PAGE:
Community Foundation of GreenvilleOne time-honored way to promote a brighter future is by making it easier for hardworking young people to further their education. Several individuals, families, and organizations have created endowments through the Community Foundation of Greenville that disburse scholarship funds according to guidelines set up by the donors. They’ve trusted CFG to manage the investment of these funds to be certain their gifts continue to support deserving students for years to come.

Alice Watkins Senter’s family established a scholarship in her name to honor this poet, mother, and pastor’s wife whose life was shortened by a tragic illness. The first member of her family to attend college, Watkins blossomed as a student at Moody Bible Institute in Chicago. Her poetry was published in the school journal, and she wrote the lyrics to the senior class song. In 1949, she moved with her family to Greenville, where three of her four children graduated from Wade Hampton High School. To celebrate her most productive and happiest times, each year the Senter family awards a scholarship to a Wade Hampton High School student with a love of English literature and poetry.

This year’s recipient is Hayley Steves, a junior marshal, cross country participant, and fiction editor of the Fine Arts Center’s Crashtest Magazine. Steves, who earned a GPA of 5.34, said she heard about the Alice Watkins Scholarship from multiple sources, including friends and teachers; it seemed tailor-made for someone with her interests.

“I’ve always loved reading, and I wanted to write my own stories.”

“I’ve always loved reading, and I wanted to write my own stories,” Steves said. “I started going to the Fine Arts Center for creative writing my sophomore year, and my love for writing has flourished even more since. I have always planned to major in creative writing or English with a concentration in creative writing, and so this scholarship really fit with what I wanted to do.”

The rising cost of tuition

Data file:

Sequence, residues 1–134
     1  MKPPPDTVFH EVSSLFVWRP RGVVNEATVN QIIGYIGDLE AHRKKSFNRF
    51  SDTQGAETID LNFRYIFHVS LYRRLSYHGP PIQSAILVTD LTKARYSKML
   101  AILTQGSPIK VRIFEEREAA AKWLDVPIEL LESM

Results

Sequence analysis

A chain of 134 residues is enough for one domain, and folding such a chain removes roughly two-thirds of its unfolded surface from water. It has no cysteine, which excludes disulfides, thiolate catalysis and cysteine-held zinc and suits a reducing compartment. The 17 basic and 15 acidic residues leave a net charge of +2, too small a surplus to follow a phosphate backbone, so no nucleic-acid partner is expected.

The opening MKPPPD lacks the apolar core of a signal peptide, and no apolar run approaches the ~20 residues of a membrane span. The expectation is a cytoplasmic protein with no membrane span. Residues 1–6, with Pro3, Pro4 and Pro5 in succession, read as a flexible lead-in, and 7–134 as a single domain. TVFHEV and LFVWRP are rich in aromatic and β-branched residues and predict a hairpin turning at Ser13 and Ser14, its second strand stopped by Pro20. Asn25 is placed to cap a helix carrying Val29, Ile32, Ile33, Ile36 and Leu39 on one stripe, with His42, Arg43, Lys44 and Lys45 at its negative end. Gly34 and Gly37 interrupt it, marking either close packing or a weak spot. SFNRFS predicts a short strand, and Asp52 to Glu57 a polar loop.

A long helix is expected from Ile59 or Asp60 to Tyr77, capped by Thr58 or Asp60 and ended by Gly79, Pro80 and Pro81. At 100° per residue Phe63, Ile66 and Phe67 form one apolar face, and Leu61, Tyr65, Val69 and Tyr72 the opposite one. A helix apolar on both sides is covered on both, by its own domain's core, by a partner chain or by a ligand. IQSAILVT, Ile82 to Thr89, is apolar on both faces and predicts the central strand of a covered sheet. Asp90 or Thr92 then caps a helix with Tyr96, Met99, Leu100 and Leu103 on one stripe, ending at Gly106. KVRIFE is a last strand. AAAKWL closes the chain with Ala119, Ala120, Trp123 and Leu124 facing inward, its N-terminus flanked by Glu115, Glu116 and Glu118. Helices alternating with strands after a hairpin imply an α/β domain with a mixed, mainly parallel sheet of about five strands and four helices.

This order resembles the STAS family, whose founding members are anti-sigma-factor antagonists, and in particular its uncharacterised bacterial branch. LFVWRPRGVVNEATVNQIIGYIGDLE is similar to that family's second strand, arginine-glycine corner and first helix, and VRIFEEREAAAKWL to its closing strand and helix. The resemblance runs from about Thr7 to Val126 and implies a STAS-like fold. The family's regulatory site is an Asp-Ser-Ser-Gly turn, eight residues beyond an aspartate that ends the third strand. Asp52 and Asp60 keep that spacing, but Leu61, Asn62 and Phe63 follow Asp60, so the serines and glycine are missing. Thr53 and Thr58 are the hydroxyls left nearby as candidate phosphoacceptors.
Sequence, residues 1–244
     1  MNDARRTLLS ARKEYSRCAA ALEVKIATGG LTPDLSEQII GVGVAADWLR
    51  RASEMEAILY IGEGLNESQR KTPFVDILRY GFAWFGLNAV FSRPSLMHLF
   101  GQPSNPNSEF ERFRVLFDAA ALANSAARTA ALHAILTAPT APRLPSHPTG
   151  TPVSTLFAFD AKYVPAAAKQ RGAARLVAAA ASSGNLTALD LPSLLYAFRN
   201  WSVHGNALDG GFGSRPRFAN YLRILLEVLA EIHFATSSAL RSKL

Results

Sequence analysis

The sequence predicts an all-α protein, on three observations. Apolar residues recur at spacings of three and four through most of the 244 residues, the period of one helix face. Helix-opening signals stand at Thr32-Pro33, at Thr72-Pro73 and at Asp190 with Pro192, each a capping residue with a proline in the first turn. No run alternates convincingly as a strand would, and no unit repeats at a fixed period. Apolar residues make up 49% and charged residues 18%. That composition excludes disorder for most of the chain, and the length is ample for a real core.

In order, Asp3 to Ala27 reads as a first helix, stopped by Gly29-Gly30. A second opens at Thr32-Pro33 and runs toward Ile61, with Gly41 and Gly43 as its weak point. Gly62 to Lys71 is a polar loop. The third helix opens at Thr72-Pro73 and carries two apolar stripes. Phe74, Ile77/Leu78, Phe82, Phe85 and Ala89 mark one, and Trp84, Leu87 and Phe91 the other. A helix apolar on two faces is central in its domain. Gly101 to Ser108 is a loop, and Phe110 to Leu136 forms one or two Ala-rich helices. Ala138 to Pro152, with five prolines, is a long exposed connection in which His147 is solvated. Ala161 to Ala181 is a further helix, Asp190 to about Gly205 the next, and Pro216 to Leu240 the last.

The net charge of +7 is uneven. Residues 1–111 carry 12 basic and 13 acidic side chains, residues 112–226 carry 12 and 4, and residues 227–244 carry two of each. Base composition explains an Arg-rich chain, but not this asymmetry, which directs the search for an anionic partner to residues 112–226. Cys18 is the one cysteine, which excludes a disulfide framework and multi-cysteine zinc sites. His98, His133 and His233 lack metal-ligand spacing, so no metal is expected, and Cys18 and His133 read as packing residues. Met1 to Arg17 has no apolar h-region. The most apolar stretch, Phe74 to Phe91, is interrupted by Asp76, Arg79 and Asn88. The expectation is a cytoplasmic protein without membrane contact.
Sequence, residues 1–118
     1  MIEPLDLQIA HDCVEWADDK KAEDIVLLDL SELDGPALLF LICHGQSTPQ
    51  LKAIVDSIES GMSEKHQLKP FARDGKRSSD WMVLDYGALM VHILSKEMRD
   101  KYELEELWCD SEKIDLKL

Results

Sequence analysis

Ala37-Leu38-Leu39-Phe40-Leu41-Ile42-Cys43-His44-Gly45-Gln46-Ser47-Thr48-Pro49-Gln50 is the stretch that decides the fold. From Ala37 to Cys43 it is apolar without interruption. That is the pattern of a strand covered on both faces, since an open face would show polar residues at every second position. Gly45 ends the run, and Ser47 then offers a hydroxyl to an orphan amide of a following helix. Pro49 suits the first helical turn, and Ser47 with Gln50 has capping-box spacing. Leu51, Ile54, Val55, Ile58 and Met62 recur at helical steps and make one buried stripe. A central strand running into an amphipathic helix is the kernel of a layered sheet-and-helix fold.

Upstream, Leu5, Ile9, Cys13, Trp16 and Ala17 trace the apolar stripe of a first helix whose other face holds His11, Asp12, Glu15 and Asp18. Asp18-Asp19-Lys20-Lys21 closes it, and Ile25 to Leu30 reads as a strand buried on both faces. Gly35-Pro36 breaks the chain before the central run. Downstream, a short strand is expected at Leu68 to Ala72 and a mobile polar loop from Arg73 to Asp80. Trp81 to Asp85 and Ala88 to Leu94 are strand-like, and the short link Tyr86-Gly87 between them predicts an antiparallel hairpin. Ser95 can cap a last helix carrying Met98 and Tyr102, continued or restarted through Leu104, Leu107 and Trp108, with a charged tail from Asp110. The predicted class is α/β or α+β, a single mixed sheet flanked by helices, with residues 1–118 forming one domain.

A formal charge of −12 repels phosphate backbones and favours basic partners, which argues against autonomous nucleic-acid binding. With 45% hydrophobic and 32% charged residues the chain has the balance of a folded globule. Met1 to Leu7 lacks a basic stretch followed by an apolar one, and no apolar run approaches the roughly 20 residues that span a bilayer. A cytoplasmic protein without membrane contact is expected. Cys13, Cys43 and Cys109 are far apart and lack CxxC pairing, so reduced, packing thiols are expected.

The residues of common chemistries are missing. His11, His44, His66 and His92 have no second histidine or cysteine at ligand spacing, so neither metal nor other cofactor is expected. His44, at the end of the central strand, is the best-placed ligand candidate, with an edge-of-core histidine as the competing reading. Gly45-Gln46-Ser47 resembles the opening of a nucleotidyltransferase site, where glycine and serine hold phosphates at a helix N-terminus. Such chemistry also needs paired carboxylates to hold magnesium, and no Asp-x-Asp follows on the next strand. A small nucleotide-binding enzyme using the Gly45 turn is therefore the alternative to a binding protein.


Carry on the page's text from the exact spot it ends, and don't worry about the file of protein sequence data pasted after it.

Citing the rising cost of tuition outpacing the inflation rate, and the necessity of a degree to get a well-paying job, Steves said the scholarship will help her pay for college without incurring a burden of debt that would follow her after graduation. She’s not certain of her post-graduation plans, but says they may include graduate school.

“I do know that I would like to use the education I receive to help other people, however that may be. I’m excited to see where the future will take me!” she said.

Other scholarships administered by CFG include two that promote higher education for Greenville County firefighters and their family members, and one that provides financial assistance for the educational advancement of Greenville County Library staff. Others target economically disadvantaged students and those who plan to enlist in the U.S. Navy. There’s even an Environmental Education Grant designated for a resident of Bermuda to study ecology or a related field to promote conservation of Bermuda’s environment. All serve the common purpose of making higher education more attainable for selected students.

“Providing a scholarship opens the door for economic mobility and personal fulfillment unlike any other charitable gift,” said CFG President Bob Morris. “For many donors it is a way to highlight the impact a special teacher had on their lives by providing an opportunity to earn an associate’s or bachelor’s degree, especially in cases where a student is the first family member to attend college. In the case ofAlice Watkins it was a gratifying way to remember a mother who was inspired as a student and became a teacher devoted to writing, reciting, and creating.”

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